I’ve been thinking a lot lately about what it means to sequence properly in Limited. On the surface, Limited is about drafting a deck with a strong curve, making sure that there’s a good balance between creatures and spells, and being able to press your advantage while still interacting with your opponent. If you can maximize those fundamentals, you’ll already be ahead of many players. But getting those simple elements down can take years of practice.
Drafting itself isn’t the only way to get better at Limited, though. In-game decisions make up a lot of how the winner and loser of a game of Limited are decided, yet each game of Limited is so varied in terms of order of cards played that it’s difficult to summarize what you should do on any given turn when you have many options at your disposal.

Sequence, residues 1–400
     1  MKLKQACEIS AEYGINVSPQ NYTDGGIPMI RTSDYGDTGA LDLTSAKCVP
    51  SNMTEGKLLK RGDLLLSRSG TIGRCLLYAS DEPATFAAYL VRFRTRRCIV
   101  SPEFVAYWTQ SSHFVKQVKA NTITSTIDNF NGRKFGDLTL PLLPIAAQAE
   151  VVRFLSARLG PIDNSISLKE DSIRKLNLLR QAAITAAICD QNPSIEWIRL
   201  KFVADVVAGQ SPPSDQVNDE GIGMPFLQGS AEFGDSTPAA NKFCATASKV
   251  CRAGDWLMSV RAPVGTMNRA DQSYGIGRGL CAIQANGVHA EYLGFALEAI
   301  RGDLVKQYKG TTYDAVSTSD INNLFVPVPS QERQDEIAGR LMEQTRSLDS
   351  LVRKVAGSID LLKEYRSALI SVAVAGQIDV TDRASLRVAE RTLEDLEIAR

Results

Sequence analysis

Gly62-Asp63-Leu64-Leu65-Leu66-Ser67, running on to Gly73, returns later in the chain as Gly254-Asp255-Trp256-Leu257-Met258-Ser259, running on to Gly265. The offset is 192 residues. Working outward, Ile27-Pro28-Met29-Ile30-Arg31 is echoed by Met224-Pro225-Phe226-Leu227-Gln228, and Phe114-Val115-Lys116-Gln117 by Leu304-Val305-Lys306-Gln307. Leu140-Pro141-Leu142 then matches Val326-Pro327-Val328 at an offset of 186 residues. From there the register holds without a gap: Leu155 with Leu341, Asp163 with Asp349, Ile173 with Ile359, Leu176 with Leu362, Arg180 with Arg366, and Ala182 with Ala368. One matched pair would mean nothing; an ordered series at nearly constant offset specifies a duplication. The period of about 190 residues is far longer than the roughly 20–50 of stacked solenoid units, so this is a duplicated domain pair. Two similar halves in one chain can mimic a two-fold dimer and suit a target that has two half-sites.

The best generalization is that planning your plays to set up the best possible offense and defense on sequential turns will maximize your board impact. That’s important because almost every single game of Limited is determined by who has a better presence on the battlefield. To try and convey this idea more concretely, I was reminded of an excellent article by than Reid Duke. In it, he explains what he calls “line-up theory” where your goal is to make sure your answers and threats match up best versus your opponent’s. Today I’ll discuss some sequencing and line-up theory in Limited using Shadows over Innistrad cards and examples, but you can apply these ideas to any set in the future.
Casting the Right Creature
If there’s one important takeaway today it’s that playing the right creatures at the right time within a game of Limited is the best way to improve your game. Shadows over Innistrad is actually intuitive in terms of this sequencing because of Werewolves. You almost always want to deploy a Werewolf before another creature because the potential to transform it grants so much more power to your board than any other possible play. The one time this is usually incorrect is when mana efficiency would dictate holding that Werewolf until later.